Objective: We hypothesized that profiling residual TNBCs after NAC would identify molecularly targetable lesions in the chemotherapy-resistant component of the tumor and that the persistent tumor cells would mirror micro-metastases which ultimately recur in such patients.
Methods: We utilized targeted next generation sequencing (NGS) for 182 oncogenes and tumor suppressors in a CLIA certified lab (Foundation Medicine, Cambridge, MA) and gene expression profiling (NanoString) of the RD after NAC in 102 patients with TNBC. The RD was stained for Ki67, which has been reported to predict outcome after NAC in unselected breast cancers.
Results: Thirteen tumors were not evaluable due to low tumor cellularity. Of 89 evaluable post-NAC tumors, 57 (64%) were basal-like; 19% HER2-enriched; 6% luminal A; 6% luminal B and 5% normal-like. Mean depth of coverage was 635 (range: 135-1207). Of 81 tumors evaluated by NGS, 72/81 (89%) demonstrated mutations in TP53, 22 were MCL1-amplified (27%), and 17 were MYC-amplified (21%). Alterations in the PI3K/mTOR pathway (AKT1-3, PIK3CA, PIK3R1, RAPTOR, PTEN, and TSC1) were identified in 27 tumors (33%). Cell cycle genes were altered in 25 tumors (31%), including amplifications of CDK2, CDK4,and CDK6, CCND1-3, and CCNE1 as well as RB loss. Alterations in the DNA repair pathway (BRCA1/2, ATM; 16 tumors; 20%) and the Ras/MAPK pathway (KRAS, RAF1, NF1; 10 tumors; 12%) were also common. Sporadic growth factor receptor amplifications occurred in EGFR, KIT, PDGFRA, PDGFRB, MET, FGFR1, FGFR2, and IGF1R. NGS identified 7 patients with ERBB2 gene amplification in the RD which was confirmed by FISH in both the pre- and post-treatment tissue, suggesting NGS could assist in the identification of ERBB2-overexpressing tumors misclassified at the time of diagnosis. In general, the gene amplifications identified by NGS corresponded to enhanced gene expression levels. Amplifications of MYC were independently associated with poor recurrence-free survival (RFS) and overall survival (OS). An interaction effect on survival was observed between MEK activation (assayed by a gene expression signature) and MYC amplification, suggesting cooperation between these pathways. Alterations in DNA repair also identified a subgroup with poor RFS and OS. In contrast, high post-NAC Ki67 score did not predict poor RFS or OS in this predominantly TNBC cohort.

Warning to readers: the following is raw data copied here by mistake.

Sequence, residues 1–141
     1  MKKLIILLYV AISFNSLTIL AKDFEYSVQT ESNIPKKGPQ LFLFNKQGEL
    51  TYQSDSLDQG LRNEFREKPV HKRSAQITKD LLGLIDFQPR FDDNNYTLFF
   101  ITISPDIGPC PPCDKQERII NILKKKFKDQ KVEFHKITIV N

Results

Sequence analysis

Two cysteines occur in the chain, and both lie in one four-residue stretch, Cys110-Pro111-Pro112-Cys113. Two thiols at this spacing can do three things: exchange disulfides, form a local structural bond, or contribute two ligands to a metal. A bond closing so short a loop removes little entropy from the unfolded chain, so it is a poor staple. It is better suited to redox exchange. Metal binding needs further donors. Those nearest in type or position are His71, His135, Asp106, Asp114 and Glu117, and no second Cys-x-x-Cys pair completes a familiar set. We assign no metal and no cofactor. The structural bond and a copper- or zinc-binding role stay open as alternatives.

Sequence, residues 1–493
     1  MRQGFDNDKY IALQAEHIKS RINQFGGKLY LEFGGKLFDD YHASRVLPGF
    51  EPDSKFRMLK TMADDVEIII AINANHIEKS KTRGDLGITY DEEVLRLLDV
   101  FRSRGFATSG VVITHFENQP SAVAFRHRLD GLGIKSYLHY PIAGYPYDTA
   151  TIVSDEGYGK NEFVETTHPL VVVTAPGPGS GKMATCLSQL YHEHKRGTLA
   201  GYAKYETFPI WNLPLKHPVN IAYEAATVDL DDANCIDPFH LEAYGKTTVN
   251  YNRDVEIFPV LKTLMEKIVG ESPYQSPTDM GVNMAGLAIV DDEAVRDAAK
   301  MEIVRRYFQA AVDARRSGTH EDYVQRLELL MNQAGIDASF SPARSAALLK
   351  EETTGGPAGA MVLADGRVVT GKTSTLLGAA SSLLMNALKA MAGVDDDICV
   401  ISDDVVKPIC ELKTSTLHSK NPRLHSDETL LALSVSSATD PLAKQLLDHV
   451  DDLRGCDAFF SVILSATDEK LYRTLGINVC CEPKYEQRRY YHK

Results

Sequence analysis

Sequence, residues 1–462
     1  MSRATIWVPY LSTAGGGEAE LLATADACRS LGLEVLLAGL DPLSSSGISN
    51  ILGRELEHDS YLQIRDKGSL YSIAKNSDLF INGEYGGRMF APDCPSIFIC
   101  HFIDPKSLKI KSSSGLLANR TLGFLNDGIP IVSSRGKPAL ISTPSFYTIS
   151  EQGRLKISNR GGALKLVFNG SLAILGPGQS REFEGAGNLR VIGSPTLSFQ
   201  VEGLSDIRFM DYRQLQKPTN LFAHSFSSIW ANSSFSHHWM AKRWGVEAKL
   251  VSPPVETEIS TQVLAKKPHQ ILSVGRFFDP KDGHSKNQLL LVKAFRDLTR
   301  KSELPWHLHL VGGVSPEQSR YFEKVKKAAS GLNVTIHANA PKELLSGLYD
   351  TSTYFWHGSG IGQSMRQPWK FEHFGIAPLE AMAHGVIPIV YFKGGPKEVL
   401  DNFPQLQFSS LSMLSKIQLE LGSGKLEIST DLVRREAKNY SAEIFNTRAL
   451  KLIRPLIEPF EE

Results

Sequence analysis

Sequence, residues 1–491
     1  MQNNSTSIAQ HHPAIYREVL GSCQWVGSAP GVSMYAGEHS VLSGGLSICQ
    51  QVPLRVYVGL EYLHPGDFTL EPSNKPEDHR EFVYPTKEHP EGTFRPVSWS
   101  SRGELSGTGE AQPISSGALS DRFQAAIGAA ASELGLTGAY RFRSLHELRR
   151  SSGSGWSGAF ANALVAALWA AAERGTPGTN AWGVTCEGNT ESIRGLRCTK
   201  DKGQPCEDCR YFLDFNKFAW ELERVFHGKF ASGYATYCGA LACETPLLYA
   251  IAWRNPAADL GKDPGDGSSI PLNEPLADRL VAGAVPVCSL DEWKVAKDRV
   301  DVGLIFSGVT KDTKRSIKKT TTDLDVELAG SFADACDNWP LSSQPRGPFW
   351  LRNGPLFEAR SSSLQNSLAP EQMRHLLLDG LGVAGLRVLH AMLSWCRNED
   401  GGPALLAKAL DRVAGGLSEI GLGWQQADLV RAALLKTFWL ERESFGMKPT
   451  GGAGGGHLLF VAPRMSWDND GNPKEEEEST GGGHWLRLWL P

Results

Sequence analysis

Conclusions: The diversity of lesions in residual TNBCs after NAC underscores the need for powerful and broad molecular approaches to identify actionable molecular alterations and, in turn, better inform personalized therapy of this aggressive disease. Incorporation of this platform into clinical studies and eventually standards of care should aid in the prioritization of patients with RD after NAC into rational adjuvant studies.